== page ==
To evaluate the Enterobacteriaceae without the influence of endosymbionts, we recalculated ACEχ2 without the four endosymbionts mentioned above, but added three more genomes from free-living bacteria (Additional file 8, Table S3). Using the 1060 genes shared among these 14 genomes, we still detected a substantial correlation between tRNA gene number and ACEχ2 (R2 = 0.34; p = 0.01, one tailed test using Fisher's z-transformed correlation; Figure 3A). Noticeably, the relationship of ACEχ2 among genomes is robust to the set of genes used to assign the f n frequencies; for the 11 genomes that were included in both analyses, the correlation of their values was 0.96, despite being calculated with 201 vs. 1060 genes. A significant correlation between ACEχ2 and tRNA count is also seen for the Bacilliaceae (R2 = 0.31; 12 genomes; p = 0.03), while the correlation in the Mycobacteriaceae (R2 = 0.16; 9 genomes; p = 0.15) does not reach the standard significance cutoff of (p = 0.05) due to both a smaller correlation and smaller sample size (Table 4, Additional file 10 Table S5).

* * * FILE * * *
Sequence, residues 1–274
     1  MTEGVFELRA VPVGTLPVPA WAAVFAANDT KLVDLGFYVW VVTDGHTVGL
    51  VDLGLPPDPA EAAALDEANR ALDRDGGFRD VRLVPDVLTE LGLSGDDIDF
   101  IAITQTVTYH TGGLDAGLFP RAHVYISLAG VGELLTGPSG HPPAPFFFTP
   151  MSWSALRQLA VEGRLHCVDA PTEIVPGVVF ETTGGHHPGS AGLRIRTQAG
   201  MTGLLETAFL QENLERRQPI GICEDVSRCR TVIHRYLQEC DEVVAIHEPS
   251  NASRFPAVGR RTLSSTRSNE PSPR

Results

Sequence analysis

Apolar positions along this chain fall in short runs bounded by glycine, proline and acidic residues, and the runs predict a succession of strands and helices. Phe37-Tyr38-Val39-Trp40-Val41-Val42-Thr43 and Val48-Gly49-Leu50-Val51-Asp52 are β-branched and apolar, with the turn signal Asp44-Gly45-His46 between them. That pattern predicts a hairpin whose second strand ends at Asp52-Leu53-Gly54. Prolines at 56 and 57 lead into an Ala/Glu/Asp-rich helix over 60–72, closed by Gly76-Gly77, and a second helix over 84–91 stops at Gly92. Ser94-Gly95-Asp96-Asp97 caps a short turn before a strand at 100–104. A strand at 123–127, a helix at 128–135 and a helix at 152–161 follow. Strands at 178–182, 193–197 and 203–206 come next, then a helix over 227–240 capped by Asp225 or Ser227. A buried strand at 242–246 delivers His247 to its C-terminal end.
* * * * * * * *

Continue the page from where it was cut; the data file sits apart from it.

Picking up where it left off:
In contrast to the ACEχ2, other measures of codon selection detected little variation among genomes of non-endosymbiotic bacteria within the same family and none indicated a significant correlation with tRNA gene count (Table 4). We examined Dethlefsens and Schmidt's ΔN'c[46], Rocha's ENCdiff[10], and Sharp's S [8], but excluded von Mandachs and Merkl's GCBeff[13]because it cannot be meaningfully calculated for many genomes. The Enterobacteriaceae contain the greatest number of sequenced genomes with a substantial amount of synonymous divergence among them (mean dS > 1.0 for all pairwise comparisons), so we focused on them for further investigation of the differences among the statistics (Figure 3B). A fundamental difference between the ACEχ2 and other statistics is that ACEχ2 examines the codon usage variation for a large portion of the genome (the core of shared genes in these examples), whereas the previously described methods examine how the codon usage frequencies of a specified subset of genes differs from the genome-wide average [8, 10, 46].